Archive for November, 2011

The Writing Life, Chapter 17: Star Struck

One of the pleasures of a long career in journalism is the opportunity to interview interesting people. During my years at the International Reading Association, I interviewed noted academics and researchers, award-winning classroom teachers, and U.S. government officials.

Some of my favorite interviews were with children’s authors, including top names such as Tomie dePaola, Katherine Paterson, Lois Lowry, Jon Scieszka, Jerry Pinkney, and Marc Brown, to name just a few. Although these people are celebrities in the children’s book field, I found most of them to be humble and genuinely interested in helping children through their books.

On occasion, I’ve interviewed more widely known celebrities. When he spoke at the IRA Annual Convention in 2010, I talked to former U.S. Vice President Al Gore about his book Our Choice: How We Can Solve the Climate Crisis. I found him to be passionate, knowledgeable, and personable. He even knew that I was an author myself and commented on my children’s books, which surprised me.

Some years ago, I interviewed country superstar and ardent literacy supporter Dolly Parton about her Imagination Library project, through which young children receive a personal library of free books. Her sincere interest in helping children develop an early love of reading showed clearly throughout our conversation. I always get a bit nervous when interviewing famous people, but she was so down-to-earth that I soon felt at ease.

Let me tell you how my latest celebrity interview came about. Last month while browsing through magazines at the Newark Public Library, I read Rolling Stone’s Hot List for 2011. One of the featured people was Aubrey Plaza, who plays April Ludgate on the popular TV show Parks and Recreation. When I read that she grew up in Wilmington, Delaware, I realized that an article about her might make a nice feature for Delaware Today magazine. I discovered that they had done a brief piece about her a couple of years ago, but I thought a follow-up might be appropriate now that she is even more famous.

When I pitched the idea to Delaware Today’s editor, Maria Hess, she said she was very interested—if I could get an interview. We both realized that might be challenging. I did a little research, found Aubrey Plaza’s management company, called them, and was a bit surprised to have a telephone interview scheduled within a week.

While Aubrey’s April Ludgate character thrives on sarcastic wit and deadpan humor, Aubrey herself was a delightful interviewee—warm and personable. She spoke with great fondness about growing up in Delaware and shared a few of her humorous exploits at Ursuline Academy, where she considered herself a bit of a class clown. I’m working on developing the article now and will keep you posted on when and where it will appear.

Random Writing Thought of the Week: Doing the interview with Aubrey Plaza reminded me of two things I have learned in dealing with famous people: 1) Celebrities may not be as inaccessible as you might think. You won’t know until you try. 2) Famous people (at least the ones I’ve encountered) are people first and famous second. They are much more like us regular folks than we realize.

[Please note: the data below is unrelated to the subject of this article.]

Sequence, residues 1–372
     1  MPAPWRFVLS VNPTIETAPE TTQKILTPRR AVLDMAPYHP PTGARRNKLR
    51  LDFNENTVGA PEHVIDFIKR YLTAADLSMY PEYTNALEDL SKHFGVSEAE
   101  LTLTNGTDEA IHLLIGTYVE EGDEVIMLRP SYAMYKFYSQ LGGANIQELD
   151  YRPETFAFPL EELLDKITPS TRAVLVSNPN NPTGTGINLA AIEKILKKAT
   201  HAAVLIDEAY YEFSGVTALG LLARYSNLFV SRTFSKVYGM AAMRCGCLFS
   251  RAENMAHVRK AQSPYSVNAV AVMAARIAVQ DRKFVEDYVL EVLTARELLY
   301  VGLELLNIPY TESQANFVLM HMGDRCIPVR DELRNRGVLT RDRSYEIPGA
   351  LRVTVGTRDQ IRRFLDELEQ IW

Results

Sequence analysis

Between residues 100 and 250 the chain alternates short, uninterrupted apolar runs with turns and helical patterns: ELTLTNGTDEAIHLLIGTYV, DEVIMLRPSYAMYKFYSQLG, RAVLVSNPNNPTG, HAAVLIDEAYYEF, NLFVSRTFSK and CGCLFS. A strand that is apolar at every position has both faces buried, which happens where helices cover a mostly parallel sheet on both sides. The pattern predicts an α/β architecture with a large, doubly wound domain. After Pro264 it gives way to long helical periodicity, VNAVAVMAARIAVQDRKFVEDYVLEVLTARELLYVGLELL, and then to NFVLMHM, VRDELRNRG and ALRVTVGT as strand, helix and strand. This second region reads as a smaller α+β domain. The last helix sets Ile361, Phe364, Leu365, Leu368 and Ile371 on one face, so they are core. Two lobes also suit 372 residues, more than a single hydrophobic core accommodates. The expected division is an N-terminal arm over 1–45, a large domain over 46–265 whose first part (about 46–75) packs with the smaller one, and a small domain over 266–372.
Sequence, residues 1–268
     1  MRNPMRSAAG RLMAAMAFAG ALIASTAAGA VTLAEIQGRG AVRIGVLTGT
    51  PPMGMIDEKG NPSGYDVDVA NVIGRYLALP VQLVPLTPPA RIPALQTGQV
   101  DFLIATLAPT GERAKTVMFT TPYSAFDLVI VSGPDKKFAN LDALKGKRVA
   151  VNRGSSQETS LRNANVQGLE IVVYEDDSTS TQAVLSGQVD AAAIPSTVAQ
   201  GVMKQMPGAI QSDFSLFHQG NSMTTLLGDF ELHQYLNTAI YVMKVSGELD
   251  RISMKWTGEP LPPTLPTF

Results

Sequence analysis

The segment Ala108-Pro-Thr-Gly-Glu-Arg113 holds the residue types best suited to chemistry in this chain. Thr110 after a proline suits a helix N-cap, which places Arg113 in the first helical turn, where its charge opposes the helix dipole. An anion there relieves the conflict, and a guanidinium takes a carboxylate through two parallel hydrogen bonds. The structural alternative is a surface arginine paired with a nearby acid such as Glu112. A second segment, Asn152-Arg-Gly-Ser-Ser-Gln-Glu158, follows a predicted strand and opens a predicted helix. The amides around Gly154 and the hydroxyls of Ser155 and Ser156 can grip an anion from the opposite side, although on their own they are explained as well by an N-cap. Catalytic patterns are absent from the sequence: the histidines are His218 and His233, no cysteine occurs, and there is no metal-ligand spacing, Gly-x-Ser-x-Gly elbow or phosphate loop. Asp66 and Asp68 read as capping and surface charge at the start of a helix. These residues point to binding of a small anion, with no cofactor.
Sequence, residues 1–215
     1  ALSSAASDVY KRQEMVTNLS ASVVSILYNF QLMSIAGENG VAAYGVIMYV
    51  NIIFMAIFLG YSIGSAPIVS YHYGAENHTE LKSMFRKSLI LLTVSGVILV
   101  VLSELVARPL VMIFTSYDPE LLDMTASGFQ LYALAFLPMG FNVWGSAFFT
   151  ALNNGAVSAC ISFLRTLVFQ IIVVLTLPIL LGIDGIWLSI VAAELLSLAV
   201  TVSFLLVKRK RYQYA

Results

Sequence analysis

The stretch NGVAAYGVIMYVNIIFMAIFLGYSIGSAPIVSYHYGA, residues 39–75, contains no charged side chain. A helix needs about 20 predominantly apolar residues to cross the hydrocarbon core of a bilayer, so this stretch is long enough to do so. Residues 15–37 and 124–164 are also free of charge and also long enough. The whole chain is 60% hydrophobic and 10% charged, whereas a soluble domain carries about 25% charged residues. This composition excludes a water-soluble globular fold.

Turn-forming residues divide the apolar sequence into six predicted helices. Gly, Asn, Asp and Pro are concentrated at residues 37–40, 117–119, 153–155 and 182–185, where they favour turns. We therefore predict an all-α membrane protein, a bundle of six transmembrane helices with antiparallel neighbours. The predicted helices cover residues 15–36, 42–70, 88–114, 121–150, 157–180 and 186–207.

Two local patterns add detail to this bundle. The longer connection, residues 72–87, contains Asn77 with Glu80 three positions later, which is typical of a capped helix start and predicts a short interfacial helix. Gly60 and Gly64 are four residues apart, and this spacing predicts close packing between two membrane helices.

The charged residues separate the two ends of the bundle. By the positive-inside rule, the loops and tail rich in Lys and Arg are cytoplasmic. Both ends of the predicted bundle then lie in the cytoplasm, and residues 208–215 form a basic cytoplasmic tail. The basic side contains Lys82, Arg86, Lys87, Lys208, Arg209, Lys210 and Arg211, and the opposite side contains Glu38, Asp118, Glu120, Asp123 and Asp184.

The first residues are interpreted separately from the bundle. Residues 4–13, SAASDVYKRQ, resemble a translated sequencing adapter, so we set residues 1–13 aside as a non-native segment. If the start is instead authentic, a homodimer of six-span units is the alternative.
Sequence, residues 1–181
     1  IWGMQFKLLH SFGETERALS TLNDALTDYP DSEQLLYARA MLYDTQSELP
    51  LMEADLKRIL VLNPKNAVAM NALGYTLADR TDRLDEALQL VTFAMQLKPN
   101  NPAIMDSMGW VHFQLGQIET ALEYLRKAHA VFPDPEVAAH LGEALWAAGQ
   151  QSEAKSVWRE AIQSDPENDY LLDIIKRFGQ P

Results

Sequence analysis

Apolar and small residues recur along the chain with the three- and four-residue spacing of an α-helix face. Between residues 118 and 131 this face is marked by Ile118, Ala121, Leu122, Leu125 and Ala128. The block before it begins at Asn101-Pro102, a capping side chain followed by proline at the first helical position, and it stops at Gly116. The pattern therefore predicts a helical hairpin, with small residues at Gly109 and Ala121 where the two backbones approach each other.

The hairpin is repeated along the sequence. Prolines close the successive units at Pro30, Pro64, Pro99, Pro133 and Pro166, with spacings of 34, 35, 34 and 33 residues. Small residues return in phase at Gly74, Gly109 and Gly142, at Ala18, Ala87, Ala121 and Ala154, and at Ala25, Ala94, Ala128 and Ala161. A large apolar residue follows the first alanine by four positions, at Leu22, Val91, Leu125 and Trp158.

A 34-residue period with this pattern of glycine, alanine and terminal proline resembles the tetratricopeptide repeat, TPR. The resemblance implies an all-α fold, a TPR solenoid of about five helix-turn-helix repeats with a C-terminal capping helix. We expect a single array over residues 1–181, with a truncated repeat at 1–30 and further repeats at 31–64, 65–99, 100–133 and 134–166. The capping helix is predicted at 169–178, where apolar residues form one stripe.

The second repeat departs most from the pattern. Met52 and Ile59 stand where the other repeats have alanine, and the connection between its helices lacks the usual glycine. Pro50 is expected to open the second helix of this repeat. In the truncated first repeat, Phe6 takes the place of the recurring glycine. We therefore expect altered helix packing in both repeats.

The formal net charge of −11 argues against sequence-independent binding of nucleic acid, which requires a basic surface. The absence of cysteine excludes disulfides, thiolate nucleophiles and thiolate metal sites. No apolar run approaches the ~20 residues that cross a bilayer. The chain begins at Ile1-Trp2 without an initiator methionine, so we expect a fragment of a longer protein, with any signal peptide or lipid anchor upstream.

The Writing Life, Chapter 16: A Ten-Year Project

Sometimes when I visit schools, students ask how long it takes for a book to get published. I tell them that the timeline varies greatly. A few of my books, such as some of the biographies published by Enslow, went from idea to print in just over a year, largely because they had been slotted into the publisher’s production schedule before work even began. A more typical timeline is two to three years, and Daddy Poems took nearly six years to pull together.

One of my current projects, a picture book of beach poems, has been more than a decade in the making. I first submitted a manuscript to Boyds Mills Press, which had just published my Daddy Poems book, back in 2001. The manuscript got rejected, and I decided that perhaps I wasn’t ready to do a poetry book based solely on my own original work. Instead, I continued to compile poetry collections to which I contributed just a few of my own poems. I also moved on to write biographies and history books.

Over the years my collection of beach poems continued to call out to me every now and then. Yet, with a full-time job, a busy family life, and a series of book contracts to fulfill, I never quite got around to answering that call.

About five years ago, a member of my writers and illustrators group, Lisa Goodman, showed us some wonderful beach-related photographs that she had taken. In my mind’s eye, I saw those photographs pairing with my poems to create a glorious picture book. Again, time constraints and other commitments prevented me from following up.

When I left my long-time job with the International Reading Association this past spring to pursue a freelance career, I suddenly found myself with enough time to pursue some projects that had long lain dormant. One of those projects was the poetry book. I contacted Lisa and found that she was excited about the idea of working together on the book.

Over the past few months, we have been hard at work. I have totally overhauled the poems, completely rewriting some of them, tweaking others, and replacing a few entirely. I am amazed at how much stronger the collection is this time around. Meanwhile, Lisa has taken some wonderful new photos, and we are both delighted at how well the text and photos complement one another. Lisa and I are exploring self-publishing options for the book, and we are excited about the prospects.

We are aiming to have a finished book available by spring of 2012. I will keep you posted on our progress.